to the best of my knowledge it isn't an oil-in-frame, the oil is held to the left side of the faux tank, just beside the left knee when riding. Really appreciate the feedback, my gut feeling was that the bikes were ok but I guess I needed the endorsement of those with some on the road experience.
Like I said it's been a long affair trying to whittle it down and despite a long list of bikes that are more than likely more competent/ reliable and cheaper we couldn't ignore the fact that we both have these bikes in the shed.
Sorry, I'm moving the goal posts here a little bit just wanted to put it out to alleviate any possible doubt in my mind. Same question as before but with changing the two gs' for a wee strom. We ruled the wee strom out because of it's offroad ability and size but it seems we don't necessarily need a massive amount of offroad potential? I'm wondering if anyone thinks the wee would be a better option than the f650gs for this trip given our proposed route?
It's less about how much skills the bike has off road, and more about how much skills the rider has off road. I know that there are not many opportunities in NE Europe to run about off road compared to Australia for example. So this is typically a debate on bikes on this site. In the end I ride my DRZ400 on single trails in Australia. Coming from NE Europe myself, I didn't grow up riding off road. Where as my mate rides that same terrain on his V-strom. Everyone laughs at him when he rocks up on Adv ride, but he's usually at the front and doesn't come off.
There is no real reason to worry about off road though. Mongolia maybe, but with good weather and sticking to the main route it's very easy. I like riding off road though and look it up. Bitumen bores the crap out of me. But you need the right equipment and an adventurous spirit to enjoy it. No hard luggage, light bike, minimalist gear etc.
The F and the strom are pretty much the same I'd say. I'd stick with the spoked wheels and well documented F myself. Maybe buy a TTR 250 to go trail riding and sell it before you go. Study the bike you take and learn how to do ALL the maintenance yourself. Which for the F is a lot easier as there are DVD for it on F650.com that take the whole thing apart. You dan also get diagnostic tools for them.
Never mind the nay sayers on the quality of the F. A well prepared knowledgeable owner should have no problems on the road. The fact that some posters think it has the oil in the frame means they don't know the thing from a bar of soap. Only the old Funduro has oil in the frame.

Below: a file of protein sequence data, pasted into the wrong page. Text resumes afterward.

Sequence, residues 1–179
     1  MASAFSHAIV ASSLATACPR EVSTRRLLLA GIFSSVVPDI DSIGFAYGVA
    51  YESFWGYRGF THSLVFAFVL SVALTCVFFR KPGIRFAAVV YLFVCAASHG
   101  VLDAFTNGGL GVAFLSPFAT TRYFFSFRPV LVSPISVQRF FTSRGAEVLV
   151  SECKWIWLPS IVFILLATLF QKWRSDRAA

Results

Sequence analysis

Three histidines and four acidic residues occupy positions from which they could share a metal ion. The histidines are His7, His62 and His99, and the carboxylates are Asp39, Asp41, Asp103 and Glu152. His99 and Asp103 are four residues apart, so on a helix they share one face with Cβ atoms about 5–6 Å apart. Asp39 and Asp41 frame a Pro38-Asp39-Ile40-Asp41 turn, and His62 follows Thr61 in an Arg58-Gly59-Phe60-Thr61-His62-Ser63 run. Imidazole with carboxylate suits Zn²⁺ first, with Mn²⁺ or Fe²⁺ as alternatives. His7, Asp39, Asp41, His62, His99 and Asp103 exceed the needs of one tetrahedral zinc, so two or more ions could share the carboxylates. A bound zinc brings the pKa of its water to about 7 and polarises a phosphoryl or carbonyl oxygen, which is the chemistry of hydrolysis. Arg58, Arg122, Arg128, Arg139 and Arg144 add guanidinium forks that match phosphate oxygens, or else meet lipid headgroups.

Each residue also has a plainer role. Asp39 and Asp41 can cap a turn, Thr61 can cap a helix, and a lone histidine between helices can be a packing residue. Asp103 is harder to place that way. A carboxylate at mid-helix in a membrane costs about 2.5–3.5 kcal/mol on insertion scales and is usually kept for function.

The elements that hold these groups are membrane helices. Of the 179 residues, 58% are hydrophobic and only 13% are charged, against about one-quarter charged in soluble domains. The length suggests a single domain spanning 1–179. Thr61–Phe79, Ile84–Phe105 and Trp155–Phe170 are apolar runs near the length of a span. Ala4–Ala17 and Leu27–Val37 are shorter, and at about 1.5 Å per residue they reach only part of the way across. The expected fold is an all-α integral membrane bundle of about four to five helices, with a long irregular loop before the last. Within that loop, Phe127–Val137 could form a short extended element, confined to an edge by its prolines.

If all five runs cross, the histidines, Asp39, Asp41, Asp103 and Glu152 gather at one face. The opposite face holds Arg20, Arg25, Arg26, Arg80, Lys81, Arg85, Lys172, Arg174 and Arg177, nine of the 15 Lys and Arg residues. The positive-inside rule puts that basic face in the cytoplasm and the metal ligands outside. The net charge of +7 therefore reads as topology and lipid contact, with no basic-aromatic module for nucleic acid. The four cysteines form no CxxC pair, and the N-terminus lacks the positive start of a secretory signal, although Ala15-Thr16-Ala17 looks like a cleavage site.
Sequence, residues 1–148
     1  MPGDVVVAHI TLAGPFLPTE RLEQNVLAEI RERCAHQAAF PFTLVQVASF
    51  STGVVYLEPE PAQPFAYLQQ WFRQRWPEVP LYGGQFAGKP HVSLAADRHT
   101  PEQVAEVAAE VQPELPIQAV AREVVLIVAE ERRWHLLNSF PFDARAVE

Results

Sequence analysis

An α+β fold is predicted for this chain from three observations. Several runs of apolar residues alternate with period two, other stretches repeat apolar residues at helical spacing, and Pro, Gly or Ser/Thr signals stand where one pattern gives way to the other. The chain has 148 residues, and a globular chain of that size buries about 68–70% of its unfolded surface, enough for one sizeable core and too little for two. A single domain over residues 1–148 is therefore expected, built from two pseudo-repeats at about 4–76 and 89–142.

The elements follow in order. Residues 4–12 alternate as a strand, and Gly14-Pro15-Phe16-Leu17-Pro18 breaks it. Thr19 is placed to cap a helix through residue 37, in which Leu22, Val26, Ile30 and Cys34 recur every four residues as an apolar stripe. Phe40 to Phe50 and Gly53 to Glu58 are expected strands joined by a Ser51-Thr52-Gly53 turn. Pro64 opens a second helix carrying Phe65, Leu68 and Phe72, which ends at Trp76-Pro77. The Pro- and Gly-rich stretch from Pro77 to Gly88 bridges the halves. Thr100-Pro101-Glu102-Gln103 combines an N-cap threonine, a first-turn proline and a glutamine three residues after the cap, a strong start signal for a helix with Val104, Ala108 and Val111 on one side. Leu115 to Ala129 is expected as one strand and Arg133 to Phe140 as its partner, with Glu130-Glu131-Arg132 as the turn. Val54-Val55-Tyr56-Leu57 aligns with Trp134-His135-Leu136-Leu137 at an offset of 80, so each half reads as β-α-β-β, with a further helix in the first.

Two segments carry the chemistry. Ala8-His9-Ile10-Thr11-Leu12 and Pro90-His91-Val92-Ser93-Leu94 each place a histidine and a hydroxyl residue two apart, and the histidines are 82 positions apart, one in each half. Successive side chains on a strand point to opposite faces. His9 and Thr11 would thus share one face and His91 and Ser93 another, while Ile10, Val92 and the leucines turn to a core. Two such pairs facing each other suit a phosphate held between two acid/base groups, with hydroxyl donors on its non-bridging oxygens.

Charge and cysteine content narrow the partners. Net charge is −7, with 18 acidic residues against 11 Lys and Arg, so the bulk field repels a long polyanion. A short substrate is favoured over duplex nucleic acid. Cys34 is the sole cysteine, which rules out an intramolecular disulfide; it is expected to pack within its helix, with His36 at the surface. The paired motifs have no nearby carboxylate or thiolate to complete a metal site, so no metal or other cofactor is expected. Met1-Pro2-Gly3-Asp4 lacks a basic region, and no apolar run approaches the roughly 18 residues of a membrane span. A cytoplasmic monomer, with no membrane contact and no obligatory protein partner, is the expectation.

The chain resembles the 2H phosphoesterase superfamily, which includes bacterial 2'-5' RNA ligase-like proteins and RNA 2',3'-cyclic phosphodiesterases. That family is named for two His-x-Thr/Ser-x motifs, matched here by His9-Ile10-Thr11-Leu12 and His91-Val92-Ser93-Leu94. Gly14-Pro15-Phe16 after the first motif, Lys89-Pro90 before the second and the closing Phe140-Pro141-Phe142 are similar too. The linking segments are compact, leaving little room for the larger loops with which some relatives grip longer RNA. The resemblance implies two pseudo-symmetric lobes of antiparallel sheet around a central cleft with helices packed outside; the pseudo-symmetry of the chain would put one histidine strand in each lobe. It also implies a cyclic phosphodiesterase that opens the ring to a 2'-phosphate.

In my opinion, you already own a bike that falls into the broad category of perfectly acceptable bikes for such a long trip.
Since you already know it well, stick with what you have. If you already owned a Wee, then I would recomend you stick with that. I've got a Vstrom and as you probably would guess, it would be perfectly fine as well.
In the end, bike selection doesn't usually make a huge difference to the trip. The time and money spent on searching and switching would be better spent on honing on road and off road skills and importantly defensive riding techniques on a fully laden touring bike in countries where the driving is quite often suspect. (like over here in Canada)
Much as I do not rate the F650 after my own experience (Load bearing water pump seal, dodgy regulator, chain and forks sized for a Chinese 125, painted by kindergarten students, fasteners made of cheese, Tubeless tyres with a tube that need a bead breaker etc.), there is nothing like using a bike you know. I hear great things about the V-strom but would expect to take 2 years and a couple of shorter trips to be sure I agree with these. Much as I'd love to get the Austrian prat who designed the thing alone with a cattle prod for half an hour, I can deal with an F that has chocolate coloured goo in the oil in about 2 hours, while any odd noises from the V-strom could be the start of a pretty vertical learning curve. The basic capabilities are going to be so similar you have to rate what you know about the F as a big factor IMHO.
Stick with the Rotax POS for this trip and learn Triumph, Suzuki or Yamaha while you save up for next time. Plenty of people have had F's that've made trips like this, so no resaon to assume the worst, just plan for what you know.
The F650Dakar and the F650GS are not so different that I would spend a lot of money to change the one for the other.
You write the bikes are low mileage and already have luggage racks etc. so in my opinion you could better spend the money on good preparation and some spare parts instead of buying a Dakar that needs preparation too.
Lube the bearings (SHB, rear suspension. The factory doesn't do this.), clean out the water pump weep hole, change to a flexible hose by cutting the OEM and get a 1/2" barb silver soldered and just put a standard rubber hose on it, put some foam between the frame and the radiator, put some chicken mesh in front of the radiator, change to a AGM battery of even better LiFePo4 battery, add a volt meter and allow plenty of ventilation for the VR, rip of the possum scraper and you're away.
Do that and let us know how it goes. To many people report bad 'issues' that are for the most part totally preventable. If you have a recent model you have the upgaded forks. But I recommend upgrading to the emulators. It's basic suspension. When loading it up, it's all about the suspension. Forget about all other things. The things is super reliable. Imagine having a KTM with a failing waterpump but no bleed hole.